words by Monique Beeley
Utah is home to 15 mountain resorts, each having their own personality. Finding those places that sync with your family’s vibe may take a bit of trial and error. Being a Utah native I have seen many changes over the last few decades in Utah’s ski resort scene. The secret is out, and Utah’s outdoor recreation playgrounds are becoming hot in every season. Venturing out and exploring a new resort with kids in tow can be daunting. To help ease some of your planning woes when it comes to checking out new resorts with the fam, it can be a bit easier (and cheaper) when you use the Ski Utah’s 5th and 6th Grade Passport, which offers 45 ski days (three at each resort) for 5th graders or 15 ski days (one at each resort) for 6th graders.
Here is what we love about some of Utah’s small resorts that serve up big-time rewards.
Topping my list, (as well the state) is Beaver Mountain. This is where I learned to ski, learned to race, and fell head-over-heels in love with skiing and being in the mountains. This small family-owned, and operated resort is located in the heart of the Uinta-Wasatch Cache National Forest in Logan Canyon, about 110 miles north of Salt Lake City, 27 miles northeast of Logan City, and 12 miles east of Garden City/Bear Lake. If you are looking for a low-cost mini “ski-vacay," the off-season/winter rates in the Bear Lake area are a great value. Why do I love skiing the Beav? It’s like taking a step back in time, even for those that didn’t grow up skiing there. Starting with the ticket office, where you will most likely be greeted by Marge Seeholzer, the resort’s matriarch, who at over 80 years old, still loves to welcome skiers at the ticket window. The resort has 75% beginner/intermediate terrain, four chairlifts, 48 ski runs and two terrain parks. Learn more about Beaver Mountain and experiencing it as a family here.
Cherry Peak is located in Cherry Canyon in Richmond near the Utah/Idaho border. It is 100 miles north of Salt Lake City and 15 miles north of Logan. This small family-owned resort features 3 chairlifts, 29 runs (30% green, 45% blue and 25% black), a five-lane tubing hill, night skiing and ice skating. We spent most of our time exploring the blue runs off of the Vista and Summits chairlifts. We loved cruising the long wide-open blue runs, which we had mostly to ourselves throughout the day. Next time we visit we plan to do some night-skiing and check out the tubing hill. NOTE: Cherry Peak is not open on Sundays. For more information on skiing at Cherry Peak, check out our family guide.
Overnight options in northern Utah: Logan makes the perfect overnight basecamp to explore both Cherry Peak and Beaver Mountain. Offering a variety of lodging options from national hotel chains to historic B&Bs and everything in between.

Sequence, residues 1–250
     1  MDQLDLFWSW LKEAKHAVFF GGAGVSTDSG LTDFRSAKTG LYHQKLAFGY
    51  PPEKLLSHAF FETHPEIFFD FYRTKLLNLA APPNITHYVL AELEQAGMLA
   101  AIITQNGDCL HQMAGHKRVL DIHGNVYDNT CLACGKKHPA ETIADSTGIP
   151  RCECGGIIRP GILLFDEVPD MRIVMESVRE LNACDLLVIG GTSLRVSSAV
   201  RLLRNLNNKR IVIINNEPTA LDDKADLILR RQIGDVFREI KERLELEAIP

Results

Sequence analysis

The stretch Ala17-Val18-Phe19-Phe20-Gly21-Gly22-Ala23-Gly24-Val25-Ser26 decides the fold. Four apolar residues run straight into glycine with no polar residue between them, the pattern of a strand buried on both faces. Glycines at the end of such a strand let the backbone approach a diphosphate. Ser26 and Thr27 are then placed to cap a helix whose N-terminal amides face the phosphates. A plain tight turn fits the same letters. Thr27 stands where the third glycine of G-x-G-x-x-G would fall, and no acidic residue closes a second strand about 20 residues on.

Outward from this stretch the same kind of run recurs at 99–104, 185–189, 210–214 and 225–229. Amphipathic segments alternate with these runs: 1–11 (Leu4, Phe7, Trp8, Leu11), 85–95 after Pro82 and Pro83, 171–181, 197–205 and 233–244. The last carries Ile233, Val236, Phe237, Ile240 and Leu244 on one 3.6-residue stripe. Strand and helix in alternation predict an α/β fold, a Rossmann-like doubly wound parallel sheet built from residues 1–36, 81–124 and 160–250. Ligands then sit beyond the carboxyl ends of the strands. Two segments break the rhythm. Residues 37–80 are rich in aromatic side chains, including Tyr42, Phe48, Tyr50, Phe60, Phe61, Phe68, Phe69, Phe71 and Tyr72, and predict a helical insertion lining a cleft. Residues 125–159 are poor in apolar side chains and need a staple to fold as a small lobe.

Heading south our first stop is Eagle Point, which is 200 miles south of Salt Lake City (240 miles north of Las Vegas) located in the Tushar Mountain Range just east of the small town of Beaver. This small, independently-owned resort has a base elevation of 9,100’ and a summit of 10,600’. Open Thursday through Sunday, Eagle Point is the perfect locale for families; with five lifts and 40 runs offering a variety of terrain as well as an opportunity to escape the fast-paced action of some of the larger mountain resorts. The Skyline Chairlift is great for beginners — with five green runs and one blue run, it provides the perfect playground for young skiers. Our favorite place to explore was the blue runs off the Monarch Chair. Be sure to check out the lodging and ski options, many include free skiing for kids 17 and under. For more tips on skiing Eagle Point, click here.
Brian Head Ski Resort is Utah’s highest elevation resort with a base elevation of 9,600’ and a summit of 10,970’. This southern Utah destination is also uniquely located in the heart of red rock country, providing majestic views of Cedar Breaks National Monument from the chairlift. The resort is divided into two areas; Navajo Peak is the perfect beginner area, where you may even feel comfortable letting the kids do laps on their own, and Giant Steps, which offers a full range of terrain options and terrain parks. The resort also has two epic tubing hills, three terrain parks and offers night skiing (perfect for those kids who don’t want to quit when the sun goes down). Brian Head has 71 runs (30% green, 35% blue, 35% black) and eight chairlifts, making it the king of Utah’s small resort scene. Our favorite place to explore at Brian Head is the tree skiing off the runs on the Dunes (#7) Chairlift. We have been lucky and have had several epic powder days here over the years. Not to be missed is the view from the summit — this is where the white snow and brilliant red rock converge, creating magnificently unforgettable vistas. More on family skiing at Brian Head can be found in our family guide.
Overnight options: Both Eagle Point and Brian Head offer ski-in/ski-out options that are surprisingly affordable. There are also many hotel options in both Beaver and Cedar City.
What are you waiting for? Purchase your child's 5th or 6th grade Passport today for a winter of fun.
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Julia \ 2.4 years ago
This article is making me ITCH to ski Beaver Mountain. Like the author, I grew up skiing there and am astonished that Marge is still selling tickets. Since I haven't lived in UT for 30 years I didn't realize that Cherry Hill exists. I think a winter trip to Northern Utah is necessary. Thx Monique. Go Grizz Class of 1990.
Yeti \ 2.4 years ago
Hey Julia - It sounds like a trip down memory lane for some powder skiing is in your future!! Marge's bright smile (under a mask of course) is waiting for you!